So Where Did It All Begin?
March 18, 2011
Lately I’ve been thinking a lot about where my interest in food and cooking has come from. I was watching an episode of Top Chef the other night and it seemed that nearly every contestant on that show grew up helping their grandmother make swedish meatballs when they were six years old, or they were influenced by their Italian cook of a mother, or their uncle owned a restaurant where they bussed tables as soon as they could walk. The whole time I couldn’t help thinking about the fact that I’ve never really had an Ah Ha! moment where the light bulb went off and I knew that THIS was exactly what I wanted to do with my life. Frankly, I have a lot of interests and as I’ve gotten a bit older, it’s been much easier to embrace that about myself. But when I’m honest, I can’t help but see that I keep coming back to food no matter what path I’m on. But what is it about food and me personally? I’m aware that there are a million food blogs out there and it’s all very hip and trendy right now to be “into food,” and if I’ve learned anything about myself throughout the course of my life, it’s that I don’t like to be thrown in with the masses. Which is probably why it’s been difficult to fully embrace what it is I love about cooking and eating, I fear being thought of as just another foodie with a camera and a blog.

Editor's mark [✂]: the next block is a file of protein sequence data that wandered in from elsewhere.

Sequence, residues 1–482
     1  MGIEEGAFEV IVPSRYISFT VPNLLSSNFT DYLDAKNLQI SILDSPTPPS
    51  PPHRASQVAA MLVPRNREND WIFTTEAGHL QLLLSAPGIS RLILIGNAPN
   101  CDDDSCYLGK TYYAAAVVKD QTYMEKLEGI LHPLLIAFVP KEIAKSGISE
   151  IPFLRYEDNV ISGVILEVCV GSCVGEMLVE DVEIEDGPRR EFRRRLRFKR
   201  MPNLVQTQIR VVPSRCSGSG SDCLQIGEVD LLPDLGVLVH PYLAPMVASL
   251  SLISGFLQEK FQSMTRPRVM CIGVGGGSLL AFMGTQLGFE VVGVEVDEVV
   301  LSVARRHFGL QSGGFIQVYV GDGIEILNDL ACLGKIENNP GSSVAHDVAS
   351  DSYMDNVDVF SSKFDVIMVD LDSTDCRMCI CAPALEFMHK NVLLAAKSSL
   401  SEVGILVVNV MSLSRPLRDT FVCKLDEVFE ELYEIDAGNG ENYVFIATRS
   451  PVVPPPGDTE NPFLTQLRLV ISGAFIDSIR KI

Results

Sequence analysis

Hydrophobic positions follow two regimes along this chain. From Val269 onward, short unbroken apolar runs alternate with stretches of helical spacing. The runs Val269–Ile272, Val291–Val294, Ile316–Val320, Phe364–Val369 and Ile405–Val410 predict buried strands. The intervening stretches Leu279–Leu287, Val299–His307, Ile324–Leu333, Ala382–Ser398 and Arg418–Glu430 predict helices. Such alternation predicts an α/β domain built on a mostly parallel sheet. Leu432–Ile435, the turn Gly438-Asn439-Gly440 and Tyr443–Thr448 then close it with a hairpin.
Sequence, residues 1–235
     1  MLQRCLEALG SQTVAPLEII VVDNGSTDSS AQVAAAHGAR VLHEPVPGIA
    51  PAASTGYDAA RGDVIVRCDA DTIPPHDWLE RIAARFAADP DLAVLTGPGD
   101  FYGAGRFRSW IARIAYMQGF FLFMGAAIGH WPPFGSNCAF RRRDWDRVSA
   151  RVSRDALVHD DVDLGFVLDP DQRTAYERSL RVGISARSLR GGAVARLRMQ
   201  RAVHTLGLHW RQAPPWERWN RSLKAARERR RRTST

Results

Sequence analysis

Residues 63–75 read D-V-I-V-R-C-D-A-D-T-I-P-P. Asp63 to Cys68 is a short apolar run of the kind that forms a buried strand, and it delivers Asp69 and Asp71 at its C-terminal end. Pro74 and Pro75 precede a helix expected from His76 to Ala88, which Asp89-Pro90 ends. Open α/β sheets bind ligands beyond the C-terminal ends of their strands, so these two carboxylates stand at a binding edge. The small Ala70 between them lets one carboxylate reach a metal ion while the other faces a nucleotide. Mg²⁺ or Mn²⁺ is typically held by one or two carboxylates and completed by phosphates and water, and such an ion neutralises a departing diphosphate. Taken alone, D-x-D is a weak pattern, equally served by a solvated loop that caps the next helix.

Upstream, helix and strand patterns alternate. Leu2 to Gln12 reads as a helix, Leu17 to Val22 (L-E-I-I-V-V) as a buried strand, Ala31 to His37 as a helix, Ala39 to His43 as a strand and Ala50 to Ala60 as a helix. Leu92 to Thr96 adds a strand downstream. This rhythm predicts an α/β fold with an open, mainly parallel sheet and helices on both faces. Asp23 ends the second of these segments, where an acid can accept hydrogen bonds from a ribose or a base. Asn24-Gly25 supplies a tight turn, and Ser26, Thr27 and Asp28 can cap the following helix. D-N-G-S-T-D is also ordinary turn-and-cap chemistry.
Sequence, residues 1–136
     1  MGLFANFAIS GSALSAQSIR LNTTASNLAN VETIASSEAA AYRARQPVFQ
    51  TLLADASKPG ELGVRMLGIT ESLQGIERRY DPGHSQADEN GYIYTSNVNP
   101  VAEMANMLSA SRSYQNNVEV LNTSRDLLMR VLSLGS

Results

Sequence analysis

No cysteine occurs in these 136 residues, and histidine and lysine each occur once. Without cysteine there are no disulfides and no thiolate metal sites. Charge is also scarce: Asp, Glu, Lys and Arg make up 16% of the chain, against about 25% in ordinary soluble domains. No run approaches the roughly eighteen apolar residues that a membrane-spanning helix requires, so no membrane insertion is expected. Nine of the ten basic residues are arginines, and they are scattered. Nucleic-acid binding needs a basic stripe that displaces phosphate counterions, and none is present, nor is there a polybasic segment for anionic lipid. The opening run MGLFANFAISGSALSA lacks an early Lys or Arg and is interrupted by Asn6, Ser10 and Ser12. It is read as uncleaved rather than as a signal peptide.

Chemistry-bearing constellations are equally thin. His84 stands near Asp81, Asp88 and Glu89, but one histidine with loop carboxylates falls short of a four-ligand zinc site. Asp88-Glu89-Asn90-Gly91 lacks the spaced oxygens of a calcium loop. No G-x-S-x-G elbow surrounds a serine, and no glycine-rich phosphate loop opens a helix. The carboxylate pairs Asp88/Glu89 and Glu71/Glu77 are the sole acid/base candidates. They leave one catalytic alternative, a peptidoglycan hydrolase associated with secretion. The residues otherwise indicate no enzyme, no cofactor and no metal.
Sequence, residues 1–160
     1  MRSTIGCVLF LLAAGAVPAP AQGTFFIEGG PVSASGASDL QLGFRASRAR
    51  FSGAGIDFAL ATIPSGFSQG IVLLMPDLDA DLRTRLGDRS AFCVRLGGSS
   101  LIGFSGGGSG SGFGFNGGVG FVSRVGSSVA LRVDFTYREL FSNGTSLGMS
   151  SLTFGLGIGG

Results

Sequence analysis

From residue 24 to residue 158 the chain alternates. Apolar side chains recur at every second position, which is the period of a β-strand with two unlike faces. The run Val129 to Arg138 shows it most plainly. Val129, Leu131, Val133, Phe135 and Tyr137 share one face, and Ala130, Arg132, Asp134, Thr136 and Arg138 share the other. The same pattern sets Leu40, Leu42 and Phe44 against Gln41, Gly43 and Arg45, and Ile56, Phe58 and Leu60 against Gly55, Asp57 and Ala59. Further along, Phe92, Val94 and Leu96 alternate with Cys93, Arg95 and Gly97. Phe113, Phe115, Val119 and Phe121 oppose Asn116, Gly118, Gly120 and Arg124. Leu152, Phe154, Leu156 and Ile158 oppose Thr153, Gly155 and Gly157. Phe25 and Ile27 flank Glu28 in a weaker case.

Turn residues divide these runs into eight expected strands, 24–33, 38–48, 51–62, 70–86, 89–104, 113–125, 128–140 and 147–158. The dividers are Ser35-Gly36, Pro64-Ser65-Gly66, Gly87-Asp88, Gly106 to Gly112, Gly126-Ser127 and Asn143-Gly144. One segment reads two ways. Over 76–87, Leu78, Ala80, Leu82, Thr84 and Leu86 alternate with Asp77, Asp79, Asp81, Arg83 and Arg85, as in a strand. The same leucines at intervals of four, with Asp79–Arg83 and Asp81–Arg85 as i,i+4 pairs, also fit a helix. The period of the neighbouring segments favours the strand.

So in an interesting coincidence, I recently met up with a woman in my neighborhood who is working on a project relating to people’s memories of food and cooking and she’s interested in having me take some portraits of the participants. She’s still in the very beginning stages of the project and is working on the types of questions she wants to ask, and last week she sent me the first draft asking if I wouldn’t mind taking some time to answer them, to see if she’s on the right path. So that’s what I’ve been doing all morning and it’s been a really interesting process having to actually think specifically about some of these things that have been rolling through my mind lately. And I thought, what the hell, I am a foodie with a blog so I might as well post them up here.
1. Tell me about your favorite memory with food.
One of my favorite food memories is eating Lemon Italian Ice on the Jersey Shore when I was young. I’d nearly forgotten about that memory until last summer when I had a dish of Izzy’s Lemon Italian Ice at the East Nashville Farmers Market and all of a sudden I was seven years old again, sitting on my grandparents screened in porch in Spring Lake, probably working on a giant puzzle, a paper cup of Luigi’s Lemon Italian Ice in my hand. I loved that refreshing citrusy kick especially after a long day of lying on the beach and swimming in the ocean. Even though you could buy it at pretty much any grocery store, I only ever ate italian ice when I was in New Jersey.